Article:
5 Weird Things That Happen To Your Body When You're Stressed

Stress is one of the most obvious markers of internal unrest. Its effects manifest physically and are hard to ignore. Those of you who have dealt with panic attacks know how life-threatening stress can feel. And while a stressful day at the office won't likely send you to the hospital, ongoing stress will slowly destroy you. Not to be glum — but to be glum — the effects of stress on the body can be life-threatening. The respiratory and cardiovascular effects can be immediately damning, and the neurological, psychological, digestive, and superficial effects can be a slow death.

Stress is a stubborn beast. It's strong, it employs lots of back up hormones and there's no non-medicinal cure for it. And even though Nicole Kidman looked banging in Stepford Wives, no one wants to live like that, drugged up and muted. Stress is a natural and healthy part of life. It's the body's defense. All of its effects are just evidence of its army preparing for battle, your body doing its thang. But is it possible to calm the troops? Yes, stress is manageable. There are various valuable ways to combat stress such as exercise, healthy eating and sleeping habits, psychotherapy and mediation. Once you know how to calm the beast, you'll be better prepared for the next run-in. And, the newfound understanding of it, will make its presence less intimidating and thus lessen its effects.

For those of you who like to Google Image diseases and WebMD diagnoses, here are some crappy things that happen to your body when you're under stress, in as much gory detail as possible.

Your Cravings Kick In Like Nobody's Business

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Cortisol, the body's stress hormone has been linked to cravings for sugar and fat. That same hormone, in large quantities, can be traced to belly fat and the enlargement of fat cells in the body. Stress can also raise the body's glucose levels, triggering and exacerbating diabetes in susceptible patients. If you're craving sugary or fatty foods when you're stressed, that's your cortisol at work.

Your Heart And Lungs Prepare For A Nonexistent Battle

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Stress causes an increase in heart rate and a simultaneous constriction of blood vessels, which puts a particularly troubling strain on the cardiovascular system. As sudden or prolonged stress takes over, your blood pressure will increase and remain high until you regain internal peace. Stress also sends inflammation markers into the bloodstream as defense preparation, but because your body doesn't need it, it only puts you at a greater risk of a heart attack or stroke.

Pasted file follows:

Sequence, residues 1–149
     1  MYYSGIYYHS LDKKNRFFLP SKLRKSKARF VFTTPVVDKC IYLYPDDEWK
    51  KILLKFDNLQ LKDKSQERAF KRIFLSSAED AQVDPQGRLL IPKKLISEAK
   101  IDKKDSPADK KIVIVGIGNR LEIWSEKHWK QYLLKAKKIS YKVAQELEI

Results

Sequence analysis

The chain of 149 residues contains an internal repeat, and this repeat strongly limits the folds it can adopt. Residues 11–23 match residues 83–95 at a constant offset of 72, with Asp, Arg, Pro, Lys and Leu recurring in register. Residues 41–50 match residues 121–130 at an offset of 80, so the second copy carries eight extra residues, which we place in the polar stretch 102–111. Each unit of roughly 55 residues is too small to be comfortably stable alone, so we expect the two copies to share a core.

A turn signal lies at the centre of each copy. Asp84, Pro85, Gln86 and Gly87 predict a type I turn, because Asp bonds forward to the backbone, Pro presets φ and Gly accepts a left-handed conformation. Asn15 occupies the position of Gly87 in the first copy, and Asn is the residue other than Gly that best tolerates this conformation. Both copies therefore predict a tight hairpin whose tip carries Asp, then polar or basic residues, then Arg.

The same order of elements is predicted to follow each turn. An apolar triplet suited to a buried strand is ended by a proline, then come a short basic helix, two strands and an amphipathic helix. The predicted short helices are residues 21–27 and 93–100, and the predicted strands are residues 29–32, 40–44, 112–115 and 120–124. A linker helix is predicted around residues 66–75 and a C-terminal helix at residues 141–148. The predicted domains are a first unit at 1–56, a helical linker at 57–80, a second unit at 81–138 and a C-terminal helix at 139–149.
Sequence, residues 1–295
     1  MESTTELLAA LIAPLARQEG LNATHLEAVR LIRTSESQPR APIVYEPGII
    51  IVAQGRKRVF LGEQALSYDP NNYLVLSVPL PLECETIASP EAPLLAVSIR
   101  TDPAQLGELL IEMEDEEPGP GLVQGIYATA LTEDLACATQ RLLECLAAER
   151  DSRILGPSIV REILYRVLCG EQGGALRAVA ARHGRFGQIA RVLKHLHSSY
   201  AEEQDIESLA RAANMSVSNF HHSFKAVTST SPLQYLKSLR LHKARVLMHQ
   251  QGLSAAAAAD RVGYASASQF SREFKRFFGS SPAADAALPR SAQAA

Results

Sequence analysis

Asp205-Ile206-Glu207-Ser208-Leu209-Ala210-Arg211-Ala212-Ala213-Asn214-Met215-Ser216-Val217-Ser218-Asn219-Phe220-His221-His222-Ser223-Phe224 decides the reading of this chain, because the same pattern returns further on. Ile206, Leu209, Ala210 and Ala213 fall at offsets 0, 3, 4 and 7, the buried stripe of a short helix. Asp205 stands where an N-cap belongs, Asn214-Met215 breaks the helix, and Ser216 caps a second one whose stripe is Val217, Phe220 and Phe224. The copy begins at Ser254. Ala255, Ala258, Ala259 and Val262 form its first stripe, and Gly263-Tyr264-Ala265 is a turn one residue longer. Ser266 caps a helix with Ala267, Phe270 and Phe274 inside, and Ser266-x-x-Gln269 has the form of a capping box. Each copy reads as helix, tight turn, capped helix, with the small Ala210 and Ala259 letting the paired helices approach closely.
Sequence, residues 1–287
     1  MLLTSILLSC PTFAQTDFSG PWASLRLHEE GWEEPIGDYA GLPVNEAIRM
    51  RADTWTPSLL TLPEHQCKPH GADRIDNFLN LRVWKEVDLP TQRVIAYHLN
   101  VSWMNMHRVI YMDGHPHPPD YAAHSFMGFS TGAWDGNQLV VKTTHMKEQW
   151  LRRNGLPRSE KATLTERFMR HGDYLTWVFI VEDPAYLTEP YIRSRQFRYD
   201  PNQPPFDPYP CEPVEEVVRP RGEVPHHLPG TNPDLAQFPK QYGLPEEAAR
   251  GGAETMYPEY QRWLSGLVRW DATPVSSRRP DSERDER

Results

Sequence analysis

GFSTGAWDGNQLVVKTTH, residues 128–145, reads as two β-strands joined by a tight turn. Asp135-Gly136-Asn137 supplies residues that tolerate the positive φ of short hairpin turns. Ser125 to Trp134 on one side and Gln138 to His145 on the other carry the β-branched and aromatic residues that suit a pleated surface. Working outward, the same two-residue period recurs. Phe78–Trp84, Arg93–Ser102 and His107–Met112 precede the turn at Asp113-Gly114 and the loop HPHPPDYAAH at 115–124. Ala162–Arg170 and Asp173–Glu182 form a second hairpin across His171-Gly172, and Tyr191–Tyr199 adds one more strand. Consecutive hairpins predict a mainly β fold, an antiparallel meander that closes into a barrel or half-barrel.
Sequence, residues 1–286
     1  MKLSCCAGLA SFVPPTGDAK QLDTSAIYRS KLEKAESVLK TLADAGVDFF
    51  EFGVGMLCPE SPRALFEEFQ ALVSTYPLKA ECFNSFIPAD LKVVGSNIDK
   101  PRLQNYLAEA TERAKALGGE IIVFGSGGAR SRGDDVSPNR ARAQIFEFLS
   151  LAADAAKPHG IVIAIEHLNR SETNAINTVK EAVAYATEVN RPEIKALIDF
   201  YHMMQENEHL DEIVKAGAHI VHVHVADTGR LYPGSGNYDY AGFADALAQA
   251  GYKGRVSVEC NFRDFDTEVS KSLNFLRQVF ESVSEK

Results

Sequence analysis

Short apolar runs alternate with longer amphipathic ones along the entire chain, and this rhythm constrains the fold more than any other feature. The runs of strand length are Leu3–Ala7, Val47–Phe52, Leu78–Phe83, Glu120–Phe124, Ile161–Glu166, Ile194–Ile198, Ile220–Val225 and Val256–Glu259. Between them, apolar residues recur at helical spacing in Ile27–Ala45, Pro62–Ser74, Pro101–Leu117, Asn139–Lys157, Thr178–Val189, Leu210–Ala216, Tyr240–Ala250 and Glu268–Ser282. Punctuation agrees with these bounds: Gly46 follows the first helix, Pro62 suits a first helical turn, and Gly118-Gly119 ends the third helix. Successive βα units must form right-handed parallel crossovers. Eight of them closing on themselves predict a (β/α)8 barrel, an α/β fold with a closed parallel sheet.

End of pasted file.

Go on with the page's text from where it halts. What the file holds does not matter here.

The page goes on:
Your Body Tenses Up All Over The Place

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In addition to cravings and fat retention, cortisol can cause hypertension. Cortisol mixed with adrenaline (which is also released during stress) can cause neck pain, back pain, severe headache and migraines. The hormones flooding the blood stream trigger muscle tension while increasing sensitivity and thus pain. The muscles along the spine tend to contract and knot under stress. These knots can take weeks of work with a chiropractor or masseuse to disable.

Your Stomach Rebels Against You

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The stomach and the brain are always in communication. Cortisol can trigger a multitude of digestion-realted issues. It can cause irritable bowls, constipation and irregularity. That fiery gut feeling triggered by stress is an indication of excessive production of digestive acids. Not only are they uncomfortable, but they can be damaging to the stomach lining.

Your Immune System Is All #ByeFelicia

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Stress can suppress the body's immune system. On a superficial level, it causes an increase in oil production which can clog pores, while simultaneously lowering the body ability to fight bacteria, often resulting in acne. Statistically, people who suffer from chronic stress have low white blood cell counts. White blood cells help fight disease and infection. People who suffer from chronic stress are more likely to get colds and experience longer recuperation periods.

Sufficiently freaked out? Great! Time to destress.

Images: Netflix; Giphy (5)